On Monday or Tuesday hubby collected a whole egg laid by Amber, although the shell was still pretty thin.  Wednesday I was pleased to find three good eggs in the nest box, something we had not experienced since before Easter until last week.

It's easy to see who laid what as Amber's are very big and Fudge's eggs are long and thin and fairly small, no bigger than a medium.  Smokie's are growing bigger.  We have had 2 more eggs from Amber since.

Monday, 25 June 2012

The Queen is in Residence

We finally managed to acquire some bees this weekend. Our original source has said his 'nucs' won't be ready for another month, but then hubby spoke to someone he knows and found they had an extra colony. It's just a small one at present, which split from the bees they bought in the Spring. We have seen the queen and it looks like the colony is doing well.  We'll inspect it more closely at the weekend. There certainly looked like a good amount of bees going in and out of the hive late this afternoon.

Tuesday, 12 June 2012

Lucious Legumes

We live in hope!

So far the broad beans look promising, in spite of early slug damage and being buffeted by the recent strong winds.  On Saturday I finally got round to tying most of them to the bean poles we bought at the South Downs Green Fair in May, which are made from coppiced hazel. I can't find the string or the ties I bought recently. Ho hum.  Perhaps when we have the new shed it will be easier to find things.

You might just be able to see that I've planted a few French marigolds around the beans to deter blackfly, although it may be too late as blackfly is already present. I've also planted a couple of poached egg plants to encourage hoverflies, which eat aphids, but they won't flower for a while.

Behind the broad beans you may just make out the peas, which are starting to flower.  Unfortunately the first planting was eaten by slugs, we think, as they were well covered to keep off the pigeons.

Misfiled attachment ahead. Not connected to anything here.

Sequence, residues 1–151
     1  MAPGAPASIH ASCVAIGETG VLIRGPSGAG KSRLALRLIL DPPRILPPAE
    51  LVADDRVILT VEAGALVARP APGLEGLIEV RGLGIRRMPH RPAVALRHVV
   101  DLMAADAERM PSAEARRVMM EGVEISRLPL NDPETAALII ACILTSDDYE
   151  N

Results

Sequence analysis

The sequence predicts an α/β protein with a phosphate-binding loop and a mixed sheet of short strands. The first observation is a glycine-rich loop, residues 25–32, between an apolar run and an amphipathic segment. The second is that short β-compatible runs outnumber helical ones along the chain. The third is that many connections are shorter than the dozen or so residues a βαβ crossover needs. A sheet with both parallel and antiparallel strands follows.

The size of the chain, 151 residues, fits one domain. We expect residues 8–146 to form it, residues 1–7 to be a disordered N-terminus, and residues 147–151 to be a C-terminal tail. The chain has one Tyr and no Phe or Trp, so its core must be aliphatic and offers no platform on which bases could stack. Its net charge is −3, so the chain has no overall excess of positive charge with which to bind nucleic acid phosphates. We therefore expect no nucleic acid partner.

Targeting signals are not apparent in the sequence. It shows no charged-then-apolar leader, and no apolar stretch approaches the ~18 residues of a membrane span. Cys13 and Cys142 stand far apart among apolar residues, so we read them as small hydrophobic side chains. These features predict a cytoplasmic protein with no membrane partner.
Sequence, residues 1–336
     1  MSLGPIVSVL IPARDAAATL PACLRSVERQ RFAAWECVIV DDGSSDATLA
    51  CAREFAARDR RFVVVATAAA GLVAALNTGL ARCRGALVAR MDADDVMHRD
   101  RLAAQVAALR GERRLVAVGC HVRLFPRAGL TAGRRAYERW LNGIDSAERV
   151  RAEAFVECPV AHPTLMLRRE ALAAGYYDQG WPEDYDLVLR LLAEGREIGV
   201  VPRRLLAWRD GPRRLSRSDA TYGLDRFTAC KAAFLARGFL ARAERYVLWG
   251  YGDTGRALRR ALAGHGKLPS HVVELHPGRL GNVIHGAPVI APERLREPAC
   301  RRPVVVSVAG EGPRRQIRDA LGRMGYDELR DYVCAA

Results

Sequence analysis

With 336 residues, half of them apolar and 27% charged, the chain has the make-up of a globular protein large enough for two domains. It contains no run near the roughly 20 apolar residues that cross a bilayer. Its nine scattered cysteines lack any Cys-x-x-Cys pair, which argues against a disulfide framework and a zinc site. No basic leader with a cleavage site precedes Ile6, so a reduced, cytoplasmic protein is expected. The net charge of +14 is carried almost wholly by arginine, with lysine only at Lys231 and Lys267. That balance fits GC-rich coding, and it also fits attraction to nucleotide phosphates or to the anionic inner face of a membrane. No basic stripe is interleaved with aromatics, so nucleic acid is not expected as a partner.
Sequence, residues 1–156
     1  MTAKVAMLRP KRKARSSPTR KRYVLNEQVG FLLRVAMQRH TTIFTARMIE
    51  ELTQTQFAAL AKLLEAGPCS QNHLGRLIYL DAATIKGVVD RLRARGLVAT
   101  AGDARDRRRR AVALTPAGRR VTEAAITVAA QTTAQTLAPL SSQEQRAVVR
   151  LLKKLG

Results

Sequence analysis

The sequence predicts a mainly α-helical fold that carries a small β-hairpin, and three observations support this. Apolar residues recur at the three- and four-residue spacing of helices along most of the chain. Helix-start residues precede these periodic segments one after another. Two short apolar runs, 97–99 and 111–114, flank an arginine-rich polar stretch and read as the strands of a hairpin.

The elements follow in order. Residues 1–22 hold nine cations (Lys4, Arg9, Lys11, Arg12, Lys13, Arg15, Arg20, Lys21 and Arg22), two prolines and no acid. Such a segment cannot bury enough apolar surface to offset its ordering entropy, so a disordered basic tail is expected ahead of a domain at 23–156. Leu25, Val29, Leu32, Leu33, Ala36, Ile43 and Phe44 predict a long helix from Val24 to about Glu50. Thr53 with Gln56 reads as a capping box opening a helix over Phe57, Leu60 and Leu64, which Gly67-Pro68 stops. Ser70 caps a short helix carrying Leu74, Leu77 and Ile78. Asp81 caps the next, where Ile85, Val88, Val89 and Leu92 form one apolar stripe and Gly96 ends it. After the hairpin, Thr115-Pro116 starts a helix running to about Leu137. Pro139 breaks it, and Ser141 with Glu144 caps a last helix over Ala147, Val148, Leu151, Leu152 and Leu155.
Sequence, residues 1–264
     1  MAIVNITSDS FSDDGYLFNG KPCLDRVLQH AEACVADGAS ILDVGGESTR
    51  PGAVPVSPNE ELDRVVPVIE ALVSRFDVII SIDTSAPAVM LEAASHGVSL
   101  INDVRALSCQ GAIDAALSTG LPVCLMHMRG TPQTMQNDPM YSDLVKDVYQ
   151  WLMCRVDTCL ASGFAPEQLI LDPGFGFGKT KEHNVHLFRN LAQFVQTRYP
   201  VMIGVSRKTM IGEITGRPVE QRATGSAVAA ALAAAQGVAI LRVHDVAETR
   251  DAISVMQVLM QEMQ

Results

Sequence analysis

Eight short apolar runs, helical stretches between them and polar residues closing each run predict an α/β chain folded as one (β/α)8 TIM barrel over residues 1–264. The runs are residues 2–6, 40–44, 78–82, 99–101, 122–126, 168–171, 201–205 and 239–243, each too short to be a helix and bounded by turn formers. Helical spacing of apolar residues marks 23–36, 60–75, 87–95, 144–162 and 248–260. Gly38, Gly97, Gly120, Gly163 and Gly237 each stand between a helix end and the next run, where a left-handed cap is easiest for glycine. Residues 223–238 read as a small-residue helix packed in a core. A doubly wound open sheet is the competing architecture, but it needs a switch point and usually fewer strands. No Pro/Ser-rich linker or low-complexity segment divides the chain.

This weekend we planted the dwarf French beans between the peas and the runner beans.  Hubby planted them for me while I weeded a bed for the cabbages as we were due to visit the neighbours after lunch, to celebrate a birthday. I'd bought them at the Green Fair, too, so they were in need of planting.

Last, but not least are the runner beans, some of which also needed replacing due to slugs and snails, but seem to have survived the latest wet spell.  One had its top broken off by the recent strong winds, though.  I've planted some French marigolds near them, too. You'll see we are trying to protect the beans from slugs and snails with copper rings as well as a few pellets.

From Drought to Deluge

Since I wrote about gardening with drought in mind my water butts arrived, just as the rainy period ended and we went into a couple of weeks of warm, dry weather, but the forecast drought did not materialise and we then went into a couple of weeks of pretty wet weather, with deluges at times. The slugs have been loving the wet weather.  Copper rings and occasional scatterings of slug pellets have not stopped them from doing damage in places.  As I haven't put any pellets on the flower bed near the chickens for a while, I collected a lot from there the other day when I was weeding and fed them to the chickens, who loved them.

Unfortunately hubby hasn't got round to connecting the water butt by the garage to the down pipe yet, so we might miss the current period of wet weather.  We did save the water from my shower one morning, by putting the plug in and then carrying buckets of it downstairs to fill up the butt. I can do that again if the weather turns dry again.

P.S. Hubby has connected the butt to the down pipe today, Saturday (16th June).

Monday, 11 June 2012

Fudge, Smokie (and Amber) Week 8

It has been fairly busy recently with one thing and another, but I thought it was time I gave you an update on our chickens, thanks for asking, Karen

Fudge and Smokie have settled in well and seem to be in fine fettle.  Amber is not so obviously dominant now, and in fact wasn't looking too well a week or so ago, but she looks much better now, although we haven't had an egg from her in over a month.

Here's a picture of the three of them enjoying the sunshine on Saturday.

Saturday, 28 April 2012

Gardening With a Drought in Mind

Mediterranean plants might not be the answer to the recent British weather
The wonderful British climate is proving a tad challenging for gardeners at present.  Some spells of hot, dry weather in recent years have seen traditional British garden plants suffer and even whither and die, so when there is talk of drought we are told to choose Mediterranean plants for our gardens, but Mediterranean plants grow best on light, Mediterranean soils and can find cold, wet Winters on poorly drained clay soils fatal. They also need plenty of sunshine, so don't tend to do well in shadier parts of the garden.